Despite killing valuable times, it could not be proved yet that China has created it. It is said that Chinese officials confirmed the first cases at the end of December and Italy’s first case was in mid-February. However, scientists in Italy have found traces of the new coronavirus in wastewater collected from Milan and Turin in December 2019 — suggesting COVID-19 was already circulating in northern Italy before China reported the first cases. The Italian National Institute of Health looked at 40 sewage samples collected from wastewater treatment plants in northern Italy between October 2019 and February 2020.

In May 2020, French scientists said tests on samples showed a patient treated for suspected pneumonia near Paris on 27 December actually had the coronavirus. Meanwhile in Spain, a study found virus traces in waste water collected in mid-January in Barcelona, some 40 days before the first local case was discovered.

Some scientists think COVID-19 — which first emerged in Wuhan originated in bats and could have been transmitted to people via another mammal. Conspiracy rumours that the Wuhan lab was involved in the outbreak swirled online for months before Trump brought the theory into the mainstream.

The Chinese virology institute in the city where COVID-19 first emerged has three live strains of bat coronavirus on-site, but none match the new contagion wreaking chaos across the world, its director has said. The World Health Organization said Washington had offered no evidence to support its speculation.

In another revision, the WHO has now recognized that there is emerging evidence of airborne transmission of the novel coronavirus. The change of opinion came after 200 scientists accused the global health body of underestimating the possibility of airborne transmission in an open letter. The WHO had so far said that the virus is transmitted through respiratory droplets when people cough or sneeze.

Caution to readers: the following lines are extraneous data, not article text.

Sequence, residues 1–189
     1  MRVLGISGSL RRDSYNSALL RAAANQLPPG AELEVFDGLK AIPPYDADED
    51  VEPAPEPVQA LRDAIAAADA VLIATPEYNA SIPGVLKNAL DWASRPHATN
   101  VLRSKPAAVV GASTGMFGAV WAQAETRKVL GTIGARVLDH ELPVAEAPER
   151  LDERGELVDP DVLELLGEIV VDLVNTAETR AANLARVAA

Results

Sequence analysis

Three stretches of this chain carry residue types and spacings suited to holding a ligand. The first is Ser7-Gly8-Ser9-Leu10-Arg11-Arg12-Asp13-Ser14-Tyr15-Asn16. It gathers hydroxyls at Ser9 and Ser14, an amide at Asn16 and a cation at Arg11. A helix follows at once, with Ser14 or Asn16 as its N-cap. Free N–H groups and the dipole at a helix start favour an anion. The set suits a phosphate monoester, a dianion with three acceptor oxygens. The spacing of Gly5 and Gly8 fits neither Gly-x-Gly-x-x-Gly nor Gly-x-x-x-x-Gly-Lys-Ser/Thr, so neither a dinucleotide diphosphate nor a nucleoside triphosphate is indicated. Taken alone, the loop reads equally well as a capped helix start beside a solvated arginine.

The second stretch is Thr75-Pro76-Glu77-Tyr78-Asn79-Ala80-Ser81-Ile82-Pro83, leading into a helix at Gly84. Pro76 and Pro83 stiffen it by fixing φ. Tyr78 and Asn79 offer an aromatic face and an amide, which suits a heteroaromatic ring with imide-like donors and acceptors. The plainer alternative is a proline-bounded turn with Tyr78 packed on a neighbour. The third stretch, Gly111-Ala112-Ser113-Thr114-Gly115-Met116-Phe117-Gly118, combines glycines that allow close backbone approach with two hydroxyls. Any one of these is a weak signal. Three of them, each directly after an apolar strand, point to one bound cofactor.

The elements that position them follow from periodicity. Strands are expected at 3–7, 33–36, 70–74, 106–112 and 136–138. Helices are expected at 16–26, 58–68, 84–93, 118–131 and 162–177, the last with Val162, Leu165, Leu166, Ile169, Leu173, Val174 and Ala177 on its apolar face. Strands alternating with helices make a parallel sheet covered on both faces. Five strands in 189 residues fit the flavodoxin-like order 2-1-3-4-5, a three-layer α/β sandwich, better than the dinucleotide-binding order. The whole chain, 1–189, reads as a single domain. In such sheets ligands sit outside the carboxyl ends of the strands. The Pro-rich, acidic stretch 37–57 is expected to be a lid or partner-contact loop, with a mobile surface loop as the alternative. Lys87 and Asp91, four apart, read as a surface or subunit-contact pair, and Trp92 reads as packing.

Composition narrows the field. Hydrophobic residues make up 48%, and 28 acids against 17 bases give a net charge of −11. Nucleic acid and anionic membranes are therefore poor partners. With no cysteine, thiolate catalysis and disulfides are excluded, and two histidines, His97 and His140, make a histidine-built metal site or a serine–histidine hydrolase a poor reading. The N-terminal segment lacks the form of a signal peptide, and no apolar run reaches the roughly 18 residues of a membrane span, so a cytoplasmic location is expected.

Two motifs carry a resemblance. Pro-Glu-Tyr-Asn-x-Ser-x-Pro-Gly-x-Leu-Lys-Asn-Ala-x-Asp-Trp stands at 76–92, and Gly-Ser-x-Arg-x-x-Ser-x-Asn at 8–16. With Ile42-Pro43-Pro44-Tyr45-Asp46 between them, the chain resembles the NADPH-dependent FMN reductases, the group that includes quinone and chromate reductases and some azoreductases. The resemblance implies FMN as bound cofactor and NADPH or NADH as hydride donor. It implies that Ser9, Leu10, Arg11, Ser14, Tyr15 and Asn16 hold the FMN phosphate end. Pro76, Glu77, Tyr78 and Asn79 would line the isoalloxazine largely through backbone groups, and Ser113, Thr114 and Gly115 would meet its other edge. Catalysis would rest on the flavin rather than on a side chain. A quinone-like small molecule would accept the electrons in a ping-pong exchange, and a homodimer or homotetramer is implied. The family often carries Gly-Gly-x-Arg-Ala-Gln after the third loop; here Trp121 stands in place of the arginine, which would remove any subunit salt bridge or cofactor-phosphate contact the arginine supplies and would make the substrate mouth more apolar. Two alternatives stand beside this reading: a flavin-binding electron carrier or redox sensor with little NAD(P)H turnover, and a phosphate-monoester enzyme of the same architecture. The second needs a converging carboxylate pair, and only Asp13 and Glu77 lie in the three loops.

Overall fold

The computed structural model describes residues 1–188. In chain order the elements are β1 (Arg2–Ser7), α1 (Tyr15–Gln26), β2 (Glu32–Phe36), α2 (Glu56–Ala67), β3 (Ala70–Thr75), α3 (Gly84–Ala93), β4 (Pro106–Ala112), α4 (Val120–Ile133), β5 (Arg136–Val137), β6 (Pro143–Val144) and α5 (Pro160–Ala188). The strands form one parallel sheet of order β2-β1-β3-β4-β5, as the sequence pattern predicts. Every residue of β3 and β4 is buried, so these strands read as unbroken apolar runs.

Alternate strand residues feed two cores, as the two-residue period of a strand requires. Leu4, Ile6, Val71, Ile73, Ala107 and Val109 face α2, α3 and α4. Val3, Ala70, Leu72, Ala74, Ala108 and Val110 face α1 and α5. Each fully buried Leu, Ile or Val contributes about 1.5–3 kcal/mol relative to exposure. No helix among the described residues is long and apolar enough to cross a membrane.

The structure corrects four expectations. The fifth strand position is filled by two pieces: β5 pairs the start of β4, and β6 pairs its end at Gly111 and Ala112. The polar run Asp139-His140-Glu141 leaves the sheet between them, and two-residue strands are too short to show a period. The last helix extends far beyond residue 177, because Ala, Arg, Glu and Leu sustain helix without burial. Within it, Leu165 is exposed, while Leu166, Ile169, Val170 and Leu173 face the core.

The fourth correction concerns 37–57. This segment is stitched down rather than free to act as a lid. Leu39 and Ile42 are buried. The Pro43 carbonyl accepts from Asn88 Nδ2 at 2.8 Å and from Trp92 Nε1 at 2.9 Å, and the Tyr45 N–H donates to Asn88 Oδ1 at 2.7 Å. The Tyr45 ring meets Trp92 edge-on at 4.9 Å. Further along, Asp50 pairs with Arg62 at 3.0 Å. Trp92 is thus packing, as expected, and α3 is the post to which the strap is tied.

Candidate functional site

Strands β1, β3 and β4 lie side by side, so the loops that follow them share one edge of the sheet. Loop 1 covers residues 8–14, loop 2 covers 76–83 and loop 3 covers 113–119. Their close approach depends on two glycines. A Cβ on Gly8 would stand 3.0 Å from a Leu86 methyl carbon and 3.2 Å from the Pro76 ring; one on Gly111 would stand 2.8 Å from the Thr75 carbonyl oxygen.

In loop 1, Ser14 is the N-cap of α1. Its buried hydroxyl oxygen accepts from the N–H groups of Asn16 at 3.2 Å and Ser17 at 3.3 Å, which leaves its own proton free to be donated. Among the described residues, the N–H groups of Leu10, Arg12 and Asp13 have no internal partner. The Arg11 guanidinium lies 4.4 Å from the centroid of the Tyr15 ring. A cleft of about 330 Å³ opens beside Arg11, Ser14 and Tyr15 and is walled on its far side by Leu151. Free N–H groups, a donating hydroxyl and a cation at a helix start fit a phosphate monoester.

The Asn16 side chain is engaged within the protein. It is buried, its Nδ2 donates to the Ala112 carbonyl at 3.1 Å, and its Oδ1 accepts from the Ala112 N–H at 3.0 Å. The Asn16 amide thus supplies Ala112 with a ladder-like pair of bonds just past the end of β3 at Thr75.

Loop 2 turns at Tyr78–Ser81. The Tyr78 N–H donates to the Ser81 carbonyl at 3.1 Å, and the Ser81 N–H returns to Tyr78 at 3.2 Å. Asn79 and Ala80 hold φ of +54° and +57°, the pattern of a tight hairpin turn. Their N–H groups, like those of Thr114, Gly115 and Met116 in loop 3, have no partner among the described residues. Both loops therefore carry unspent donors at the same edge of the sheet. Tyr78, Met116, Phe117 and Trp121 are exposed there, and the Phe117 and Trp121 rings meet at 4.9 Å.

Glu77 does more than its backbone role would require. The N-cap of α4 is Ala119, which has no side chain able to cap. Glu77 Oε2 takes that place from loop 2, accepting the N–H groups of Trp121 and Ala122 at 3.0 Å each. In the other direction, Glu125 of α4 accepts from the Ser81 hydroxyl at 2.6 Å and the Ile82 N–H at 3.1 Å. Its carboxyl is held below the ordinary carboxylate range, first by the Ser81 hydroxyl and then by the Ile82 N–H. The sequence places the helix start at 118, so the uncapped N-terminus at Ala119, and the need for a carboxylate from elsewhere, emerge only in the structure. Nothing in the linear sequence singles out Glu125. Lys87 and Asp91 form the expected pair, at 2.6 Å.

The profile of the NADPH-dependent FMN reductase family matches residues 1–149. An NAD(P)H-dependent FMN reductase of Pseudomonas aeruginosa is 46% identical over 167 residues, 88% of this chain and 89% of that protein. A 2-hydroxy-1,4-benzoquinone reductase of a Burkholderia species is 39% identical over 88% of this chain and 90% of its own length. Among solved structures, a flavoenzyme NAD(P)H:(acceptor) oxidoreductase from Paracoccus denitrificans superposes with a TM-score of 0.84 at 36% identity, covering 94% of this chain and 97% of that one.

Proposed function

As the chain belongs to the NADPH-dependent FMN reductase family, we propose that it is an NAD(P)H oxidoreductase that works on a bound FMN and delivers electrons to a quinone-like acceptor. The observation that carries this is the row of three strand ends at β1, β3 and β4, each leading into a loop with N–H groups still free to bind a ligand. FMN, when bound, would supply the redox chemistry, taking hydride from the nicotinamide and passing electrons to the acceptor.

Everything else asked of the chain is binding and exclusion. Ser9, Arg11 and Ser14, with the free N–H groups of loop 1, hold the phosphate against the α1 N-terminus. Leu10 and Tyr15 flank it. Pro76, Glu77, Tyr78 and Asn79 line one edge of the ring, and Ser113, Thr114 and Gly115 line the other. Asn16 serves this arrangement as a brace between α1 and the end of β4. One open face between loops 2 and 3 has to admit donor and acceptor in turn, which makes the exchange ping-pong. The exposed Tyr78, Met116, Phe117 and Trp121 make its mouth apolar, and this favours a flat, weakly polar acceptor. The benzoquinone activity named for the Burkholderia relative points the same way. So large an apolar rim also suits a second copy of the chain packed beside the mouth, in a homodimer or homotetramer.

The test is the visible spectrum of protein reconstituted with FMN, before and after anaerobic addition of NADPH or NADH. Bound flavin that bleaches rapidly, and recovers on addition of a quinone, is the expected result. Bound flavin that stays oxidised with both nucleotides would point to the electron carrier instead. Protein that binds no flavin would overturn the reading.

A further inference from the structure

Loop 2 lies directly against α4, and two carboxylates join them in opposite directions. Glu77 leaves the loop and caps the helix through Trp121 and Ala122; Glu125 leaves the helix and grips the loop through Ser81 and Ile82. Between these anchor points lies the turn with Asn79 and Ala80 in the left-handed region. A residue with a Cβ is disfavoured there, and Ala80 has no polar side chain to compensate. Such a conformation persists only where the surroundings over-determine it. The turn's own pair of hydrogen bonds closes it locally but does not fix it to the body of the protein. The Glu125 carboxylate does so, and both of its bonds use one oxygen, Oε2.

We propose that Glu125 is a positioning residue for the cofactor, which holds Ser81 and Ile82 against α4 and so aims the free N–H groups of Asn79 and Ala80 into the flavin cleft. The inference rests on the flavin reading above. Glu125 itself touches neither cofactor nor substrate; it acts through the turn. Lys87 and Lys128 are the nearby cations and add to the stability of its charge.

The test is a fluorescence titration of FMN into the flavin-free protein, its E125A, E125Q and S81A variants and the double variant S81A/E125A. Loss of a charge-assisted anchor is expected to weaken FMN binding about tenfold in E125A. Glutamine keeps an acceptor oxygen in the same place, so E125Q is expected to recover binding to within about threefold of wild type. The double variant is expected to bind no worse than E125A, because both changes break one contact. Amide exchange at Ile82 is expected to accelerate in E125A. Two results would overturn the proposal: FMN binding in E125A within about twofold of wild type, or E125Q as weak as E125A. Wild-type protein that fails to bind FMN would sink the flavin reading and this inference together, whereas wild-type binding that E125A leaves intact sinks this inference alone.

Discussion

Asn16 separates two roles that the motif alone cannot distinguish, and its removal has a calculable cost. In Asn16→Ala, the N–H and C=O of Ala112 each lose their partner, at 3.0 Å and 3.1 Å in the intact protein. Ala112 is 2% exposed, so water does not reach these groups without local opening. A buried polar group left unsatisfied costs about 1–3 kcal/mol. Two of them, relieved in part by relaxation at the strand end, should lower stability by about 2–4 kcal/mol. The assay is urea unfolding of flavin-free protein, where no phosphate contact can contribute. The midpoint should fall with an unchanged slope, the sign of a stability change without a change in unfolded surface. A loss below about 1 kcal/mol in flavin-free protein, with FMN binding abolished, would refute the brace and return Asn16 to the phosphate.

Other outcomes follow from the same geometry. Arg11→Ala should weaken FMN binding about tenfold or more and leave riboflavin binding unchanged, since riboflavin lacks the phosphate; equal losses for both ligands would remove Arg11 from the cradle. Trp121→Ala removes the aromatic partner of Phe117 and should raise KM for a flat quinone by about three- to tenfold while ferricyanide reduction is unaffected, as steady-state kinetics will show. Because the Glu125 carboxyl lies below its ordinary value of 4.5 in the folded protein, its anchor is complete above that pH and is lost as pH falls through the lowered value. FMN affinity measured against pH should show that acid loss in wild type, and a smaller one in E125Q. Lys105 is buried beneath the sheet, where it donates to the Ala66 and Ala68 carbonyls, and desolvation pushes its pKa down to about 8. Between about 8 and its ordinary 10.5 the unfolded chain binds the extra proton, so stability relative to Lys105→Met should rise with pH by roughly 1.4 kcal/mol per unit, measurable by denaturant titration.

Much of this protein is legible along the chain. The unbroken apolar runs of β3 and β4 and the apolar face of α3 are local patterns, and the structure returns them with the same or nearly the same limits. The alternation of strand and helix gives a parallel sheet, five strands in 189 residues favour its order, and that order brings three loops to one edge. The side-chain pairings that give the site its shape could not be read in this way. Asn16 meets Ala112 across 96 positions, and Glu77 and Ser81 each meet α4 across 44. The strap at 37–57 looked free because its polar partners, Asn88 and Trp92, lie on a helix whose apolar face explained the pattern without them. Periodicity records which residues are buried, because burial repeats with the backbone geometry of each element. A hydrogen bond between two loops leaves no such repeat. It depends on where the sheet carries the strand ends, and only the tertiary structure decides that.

These larger droplets instantaneously fall onto surfaces. But airborne transmission means that the virus can be transmitted via tiny particles that float around in the air for hours after people speak or breathe out. This in turn would entail a massive change in safety guidelines — particularly for indoor settings – with more emphasis on wearing masks and increased stringency of physical distancing.

What is more perplexing is that in their study, titled ‘Estimating the global spread of COVID-19’, researchers Hazhir Rahmandad, TY Lim and John Sterman of (Massachusetts Institute of Technology) MIT’s Sloan School of Management have predicted that India may record the highest number of fresh cases in the world by the end of winter in 2021. Using data on cases, deaths, testing and several other factors, the researchers were able to estimate the transmission of the novel coronavirus in 84 countries — covering around 60 per cent of the world’s population.

The number of COVID-19 cases recorded per day in India may surge to 2.87 lakh by early 2021 if a vaccine or treatment isn’t developed soon. Although, the United States is currently the worst-affected by the pandemic in the world, the researchers have predicted that India will soon surpass it. By the end of February 2021, the US will record the second-highest number of new cases (95,000 cases per day), followed by South Africa (21,000 cases per day), Iran (17,000 cases per day), and Indonesia (13,000 cases per day), the study suggested.